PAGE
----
Miracles (C.S. Lewis), #1

See yesterdays “God in Search of Man, #1” for an explanation of this series exploring a Jewish and a Christian thinker who have much in common. I am much more familiar with Lewis than Heschel, having a fair collection of Lewisiana and being a longtime reader of his books and essays. It was Mere Christianity which brought me intellectually out of agnosticism in 1987. I remain a devoted fan and think Lewis is under-appreciated (there is a segment of academia which judges his writings simplistic, judging him by the kind of erroneous standards this very post exposes).

Many have serious reservations about God, the Bible, the idea of a Creator, a Law-Giver, a Messiah, because they doubt the possibility or probability of miracles. C.S. Lewis aims to persuade us that miracles are not only possible, but probable.

Aren’t we past such issues in our postmodern age? Not at all. First, many are still intellectually poisoned by the thought and culture of the last few hundred years. These have been good centuries for technology, but not so much for human progress. Killing and starvation show no signs of lessening or ending. Personal happiness has not been greatly enhanced. There is progress, but there could and should have been so much more.

Do miracles exist? Are they likely or unlikely? What would it take for us to believe in them? This is a decision many need to make before proceeding to read historical texts about Abraham, Moses, or Jesus. As Lewis says, “the ordinary rules of historical inquiry” will not help us. Even if we personally witnessed Abraham hearing the divine voice, Moses before the burning bush, or Yeshua (Jesus) emerging from the tomb, we might mistrust our senses. If we want reason to be part of our journey toward answers, the problem of miracles comes up early.

And the first decision in considering the probability of miracles is whether to be a naturalist or supernaturalist.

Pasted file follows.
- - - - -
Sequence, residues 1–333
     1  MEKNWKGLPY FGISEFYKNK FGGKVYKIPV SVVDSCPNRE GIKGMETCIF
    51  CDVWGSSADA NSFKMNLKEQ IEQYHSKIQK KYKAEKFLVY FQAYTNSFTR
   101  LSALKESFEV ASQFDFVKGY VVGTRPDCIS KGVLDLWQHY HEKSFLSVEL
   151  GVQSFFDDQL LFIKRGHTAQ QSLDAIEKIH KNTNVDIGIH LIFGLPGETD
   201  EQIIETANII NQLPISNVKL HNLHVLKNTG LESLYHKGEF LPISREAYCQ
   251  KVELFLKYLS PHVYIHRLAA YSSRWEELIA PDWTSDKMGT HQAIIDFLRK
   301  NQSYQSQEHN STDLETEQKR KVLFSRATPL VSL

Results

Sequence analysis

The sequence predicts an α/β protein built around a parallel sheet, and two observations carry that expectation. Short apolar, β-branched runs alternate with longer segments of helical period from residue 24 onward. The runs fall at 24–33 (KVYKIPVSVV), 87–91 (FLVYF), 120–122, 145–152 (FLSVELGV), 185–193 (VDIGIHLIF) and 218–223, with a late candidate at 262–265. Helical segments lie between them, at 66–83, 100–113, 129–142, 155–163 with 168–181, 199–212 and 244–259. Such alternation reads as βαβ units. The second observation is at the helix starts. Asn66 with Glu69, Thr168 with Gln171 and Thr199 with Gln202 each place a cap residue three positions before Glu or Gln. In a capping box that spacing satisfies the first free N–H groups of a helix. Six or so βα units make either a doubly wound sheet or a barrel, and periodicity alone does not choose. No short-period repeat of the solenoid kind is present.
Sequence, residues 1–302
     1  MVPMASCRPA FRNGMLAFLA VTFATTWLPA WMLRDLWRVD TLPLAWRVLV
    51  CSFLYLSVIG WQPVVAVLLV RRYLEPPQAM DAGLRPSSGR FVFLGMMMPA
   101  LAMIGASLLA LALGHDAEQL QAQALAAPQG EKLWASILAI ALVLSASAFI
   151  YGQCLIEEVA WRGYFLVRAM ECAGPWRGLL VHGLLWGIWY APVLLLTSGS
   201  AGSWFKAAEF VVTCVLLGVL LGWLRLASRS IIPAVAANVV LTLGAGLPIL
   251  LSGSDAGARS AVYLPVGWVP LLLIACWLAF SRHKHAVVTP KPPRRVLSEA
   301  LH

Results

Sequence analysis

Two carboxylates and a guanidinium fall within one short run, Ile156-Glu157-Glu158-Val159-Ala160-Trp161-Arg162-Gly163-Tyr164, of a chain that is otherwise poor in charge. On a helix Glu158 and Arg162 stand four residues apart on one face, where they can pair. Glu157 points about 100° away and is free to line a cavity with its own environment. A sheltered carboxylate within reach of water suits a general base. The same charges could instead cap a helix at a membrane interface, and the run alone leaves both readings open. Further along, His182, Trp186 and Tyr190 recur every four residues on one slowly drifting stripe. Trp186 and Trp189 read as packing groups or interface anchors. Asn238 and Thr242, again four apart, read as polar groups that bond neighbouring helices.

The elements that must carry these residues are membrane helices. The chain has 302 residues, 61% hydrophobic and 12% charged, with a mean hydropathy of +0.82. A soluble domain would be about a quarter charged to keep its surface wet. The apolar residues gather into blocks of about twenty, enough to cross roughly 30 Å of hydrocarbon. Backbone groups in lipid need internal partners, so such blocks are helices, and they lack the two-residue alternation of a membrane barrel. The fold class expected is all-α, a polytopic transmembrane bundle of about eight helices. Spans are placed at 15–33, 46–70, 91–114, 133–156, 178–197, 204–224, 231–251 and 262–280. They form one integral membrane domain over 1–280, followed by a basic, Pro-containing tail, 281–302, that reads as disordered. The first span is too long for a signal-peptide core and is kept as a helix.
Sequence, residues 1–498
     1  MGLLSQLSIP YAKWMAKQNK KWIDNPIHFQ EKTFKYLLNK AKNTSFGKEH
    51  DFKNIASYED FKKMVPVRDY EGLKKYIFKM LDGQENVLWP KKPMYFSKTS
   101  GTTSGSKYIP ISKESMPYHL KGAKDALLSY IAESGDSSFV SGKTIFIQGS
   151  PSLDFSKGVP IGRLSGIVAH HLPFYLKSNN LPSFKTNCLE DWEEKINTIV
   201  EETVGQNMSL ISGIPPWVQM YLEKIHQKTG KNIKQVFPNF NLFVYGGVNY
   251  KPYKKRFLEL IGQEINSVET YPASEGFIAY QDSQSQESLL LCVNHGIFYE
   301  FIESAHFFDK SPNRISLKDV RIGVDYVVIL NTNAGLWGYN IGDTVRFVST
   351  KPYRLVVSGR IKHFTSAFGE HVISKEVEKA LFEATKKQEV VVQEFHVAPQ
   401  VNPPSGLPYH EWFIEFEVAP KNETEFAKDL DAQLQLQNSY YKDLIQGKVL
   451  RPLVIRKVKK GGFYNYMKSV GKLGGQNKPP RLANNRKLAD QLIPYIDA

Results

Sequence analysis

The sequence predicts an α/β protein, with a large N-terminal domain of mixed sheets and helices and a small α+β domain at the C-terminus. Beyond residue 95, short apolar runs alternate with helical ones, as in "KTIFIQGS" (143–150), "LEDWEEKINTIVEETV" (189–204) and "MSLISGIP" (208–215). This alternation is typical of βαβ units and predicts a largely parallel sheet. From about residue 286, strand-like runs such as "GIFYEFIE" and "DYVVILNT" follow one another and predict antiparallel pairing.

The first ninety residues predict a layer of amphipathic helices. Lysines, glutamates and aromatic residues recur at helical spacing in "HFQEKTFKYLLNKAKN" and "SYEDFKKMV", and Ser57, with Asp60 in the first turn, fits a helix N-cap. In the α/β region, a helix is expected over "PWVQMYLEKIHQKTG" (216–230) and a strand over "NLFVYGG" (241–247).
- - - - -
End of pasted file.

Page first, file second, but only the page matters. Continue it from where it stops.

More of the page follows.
A naturalist thinks that nothing but Nature exists, says Lewis. The universe is a closed system. It follows from this view that Nature exists simply because it exists, uncaused and alone. Nothing else exists but Nature, so nothing could have caused Nature. Nature is defined as all that is.

And since miracles are interference with Nature by supernatural power, miracles by definition are excluded.

A supernaturalist believes there must be something which exists in its own right besides Nature, One Thing which is basic and original, God (or the gods). Nature is not alone. Nature can be interfered with. The One Thing is different than Nature, higher than it, the cause of it.

Naturalism, says Lewis, without ceasing to be itself, could admit of a certain kind of God. This God would be within Nature, not over it. This God would be a force or consciousness or a person within Nature who is not above it and who is not free from its law of cause and effect. The pagan gods of the ancient world were within Nature and not truly above it (those who may want to dispute this will find I am well prepared).

But the God of the supernaturalists is above Nature and free from cause and effect.

The naturalist cannot believe in miracles. Many people want to be naturalists. It seems the reasonable choice, the result of modern progress. But few consider the ramifications:

(1) In naturalism there is no free will. All that you do is forced upon you by the unbreakable laws of cause and effect.

(2) Love is not what we deeply hope it to be, but a mere function of natural stimuli without any transcendent meaning.

(3) Your ability to think is also part of Nature — so that your reason is like the work of a computer, no more reliable or trustworthy than any other natural process.

In this very beginning to Lewis’ book, I already feel many people would be uncomfortable being naturalists. In fact, most who are (including the New Atheists), seem unreasonably oblivious to the consequences of their thought. They deny meaninglessness while asserting that life is the sum total of blind forces. The cannot help being naturalists, in their philosophy, but came to that position by cause and effect without free will. Why then do they condemn supernaturalists as ignorant, since we cannot help ourselves either? And who is ready to say that love is just hormones?


About Derek Leman

IT guy working in the associations industry. Formerly a congregational rabbi. Dad of 8. Nerd.
This entry was posted in C.S. Lewis, Christian, Faith, Love, messianic, Messianic Jewish, Messianic Judaism, Philosophy. Bookmark the permalink.

2 Responses to Miracles (C.S. Lewis), #1

  1. praesto12 says:

    One of the absurdities of a Naturalistic philosophy like Marxism is that while trying to eradicate God, and thus free will, it wants man to then use his free will to break from his determinism.Marxism goes something liek this; All men are only what their enovirment makes them. Men do not have free will therefor
    Use your freewill to break from your enviroment…, a.k.a “workers of the world unite.”
    It’s a tragically flawed argument.

  2. Pingback: MJ Passages . . . › Is Belief in Miracles Bad Scholarship?

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